Basseterre, St. Kitts, April 20, 2020 (SKNIS)
During the April 19 National Emergency Operations Center (NEOC) COVID-19 Daily Briefing, Chief Medical Officer, Dr. Hazel Laws, informed the public of the process of testing for COVID-19 and the process for making a diagnosis of the virus. Dr. Laws said that suspected cases with respiratory tract symptoms, and significant contacts of persons who have been confirmed with COVID-19, but who may not have symptoms, can be tested for COVID-19.
“In other words, individuals who are suspected of having COVID-19, these are the persons who are being tested and the contacts of confirmed cases are also considered for testing,” she said. The Chief Medical Officer said that there are two ways of testing including using the Gold Standard or the RTPCR Tests and the COVID-19 Rapid Antibody Tests.
She explained that the Gold Standard is the test that looks for the virus in the person’s airways. “This is done by taking a swab from the nose and mouth or throat and then testing it using the RTPCR methodology,” she said. “Simply put, the test detects the virus as it multiplies in the nose or throat.”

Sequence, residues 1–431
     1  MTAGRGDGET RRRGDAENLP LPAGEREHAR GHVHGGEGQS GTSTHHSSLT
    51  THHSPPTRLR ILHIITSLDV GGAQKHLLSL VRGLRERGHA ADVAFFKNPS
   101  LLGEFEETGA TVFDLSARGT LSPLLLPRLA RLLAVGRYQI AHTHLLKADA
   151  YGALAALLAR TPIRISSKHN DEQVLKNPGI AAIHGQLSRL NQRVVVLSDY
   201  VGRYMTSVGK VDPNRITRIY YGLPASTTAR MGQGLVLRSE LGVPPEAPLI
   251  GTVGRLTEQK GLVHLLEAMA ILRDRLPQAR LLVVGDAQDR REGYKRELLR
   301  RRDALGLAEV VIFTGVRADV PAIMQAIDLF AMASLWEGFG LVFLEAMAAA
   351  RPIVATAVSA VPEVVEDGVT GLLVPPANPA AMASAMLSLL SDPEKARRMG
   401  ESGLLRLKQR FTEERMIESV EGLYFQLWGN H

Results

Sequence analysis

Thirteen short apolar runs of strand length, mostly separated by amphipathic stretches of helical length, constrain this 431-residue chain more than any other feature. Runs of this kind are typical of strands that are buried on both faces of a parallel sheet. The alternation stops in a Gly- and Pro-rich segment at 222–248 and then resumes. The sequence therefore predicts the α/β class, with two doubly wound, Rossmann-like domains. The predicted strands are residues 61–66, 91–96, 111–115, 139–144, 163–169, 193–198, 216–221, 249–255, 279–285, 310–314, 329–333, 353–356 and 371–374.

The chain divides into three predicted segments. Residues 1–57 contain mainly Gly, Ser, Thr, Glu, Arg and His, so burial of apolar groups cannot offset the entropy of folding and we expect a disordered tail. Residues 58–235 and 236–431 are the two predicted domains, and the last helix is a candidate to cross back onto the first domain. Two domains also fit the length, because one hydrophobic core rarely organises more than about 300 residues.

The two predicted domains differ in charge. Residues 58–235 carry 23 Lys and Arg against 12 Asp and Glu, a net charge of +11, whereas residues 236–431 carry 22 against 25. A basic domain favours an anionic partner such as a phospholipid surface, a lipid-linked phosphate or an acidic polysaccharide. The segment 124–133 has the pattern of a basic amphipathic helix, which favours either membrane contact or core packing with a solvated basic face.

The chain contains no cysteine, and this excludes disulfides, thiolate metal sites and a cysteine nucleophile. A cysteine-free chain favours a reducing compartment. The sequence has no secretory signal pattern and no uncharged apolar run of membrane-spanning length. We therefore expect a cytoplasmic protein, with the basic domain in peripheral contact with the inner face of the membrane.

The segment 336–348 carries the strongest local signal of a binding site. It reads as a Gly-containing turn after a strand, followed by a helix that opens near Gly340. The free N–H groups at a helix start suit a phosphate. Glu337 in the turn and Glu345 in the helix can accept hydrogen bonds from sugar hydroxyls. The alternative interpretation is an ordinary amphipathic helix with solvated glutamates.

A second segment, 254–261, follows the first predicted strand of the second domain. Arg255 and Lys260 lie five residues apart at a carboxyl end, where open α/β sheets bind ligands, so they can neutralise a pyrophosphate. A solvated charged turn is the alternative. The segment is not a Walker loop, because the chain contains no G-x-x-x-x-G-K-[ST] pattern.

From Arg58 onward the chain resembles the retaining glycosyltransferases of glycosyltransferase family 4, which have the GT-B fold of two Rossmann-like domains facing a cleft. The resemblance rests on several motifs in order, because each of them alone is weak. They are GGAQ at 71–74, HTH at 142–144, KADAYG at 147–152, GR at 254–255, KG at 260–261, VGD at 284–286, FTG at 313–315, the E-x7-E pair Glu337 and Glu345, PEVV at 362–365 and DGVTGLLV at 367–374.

The COVID-19 Rapid Antibody Test on the other hand identify the presence of antibodies in the blood, said Dr. Laws.“These antibodies are really proteins produced by the immune system to fight off infections,” she said. “So the tests pick up these proteins or antibodies.”
Dr. Laws added that there are two types of antibodies being produced including the IGM and the IGG antibodies.“The IGM antibody is developed or produced over one week after symptoms and indicate acute infection. The IGG antibodies appear weeks later and indicate immunity,” she said.
The Chief Medical Officer stated that the tests have a low sensitivity. However, they are still being developed although a number have already appeared on the market.